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Performance And Participation Of Physicians In Year One Of Medicares Value-Based Payment Modifier Program

Author: Karen E. Joynt Maddox, Arnold M. Epstein, Lok Wong Samson, Lena M. Chen
$15.00

In 2015 Medicare launched the Physician Value-Based Payment Modifier program, the largest US ambulatory care pay-for-performance program to date and a precursor to the forthcoming Merit-based Incentive Payment System. In its first year, the program included practices with a hundred or more clinicians. We found that 1,010 practices met this criterion, 899 of which had at least one attributed beneficiary. Of these latter practices, 263 (29.3 percent) failed to report performance data and received a 1 percent reporting-based penalty. Of the 636 practices that reported performance data, those that elected quality tiering—voluntarily receiving performance-based penalties or bonuses—and those with high use of electronic health records had better performance on quality and costs than other practices. Practices with a primary care focus had better quality than other practices but similar costs. These findings translated into differences in the receipt of penalties and bonuses and may have implications for performance patterns under the Merit-based Incentive Payment System.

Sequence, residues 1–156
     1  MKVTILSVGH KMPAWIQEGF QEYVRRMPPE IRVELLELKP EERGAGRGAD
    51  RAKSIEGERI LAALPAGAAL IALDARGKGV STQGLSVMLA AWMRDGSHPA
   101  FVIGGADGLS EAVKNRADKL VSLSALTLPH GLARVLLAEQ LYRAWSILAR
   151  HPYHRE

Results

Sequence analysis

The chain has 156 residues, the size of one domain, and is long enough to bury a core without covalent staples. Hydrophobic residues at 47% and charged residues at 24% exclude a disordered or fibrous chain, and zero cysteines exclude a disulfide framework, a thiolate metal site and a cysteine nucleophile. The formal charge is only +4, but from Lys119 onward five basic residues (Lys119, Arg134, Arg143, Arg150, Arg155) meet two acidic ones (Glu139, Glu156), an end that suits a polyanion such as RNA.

In 2015 Medicare launched the Physician Value-Based Payment Modifier program, the largest US ambulatory care pay-for-performance program to date and a precursor to the forthcoming Merit-based Incentive Payment System. In its first year, the program included practices with a hundred or more clinicians. We found that 1,010 practices met this criterion, 899 of which had at least one attributed beneficiary. Of these latter practices, 263 (29.3 percent) failed to report performance data and received a 1 percent reporting-based penalty. Of the 636 practices that reported performance data, those that elected quality tiering—voluntarily receiving performance-based penalties or bonuses—and those with high use of electronic health records had better performance on quality and costs than other practices. Practices with a primary care focus had better quality than other practices but similar costs. These findings translated into differences in the receipt of penalties and bonuses and may have implications for performance patterns under the Merit-based Incentive Payment System.

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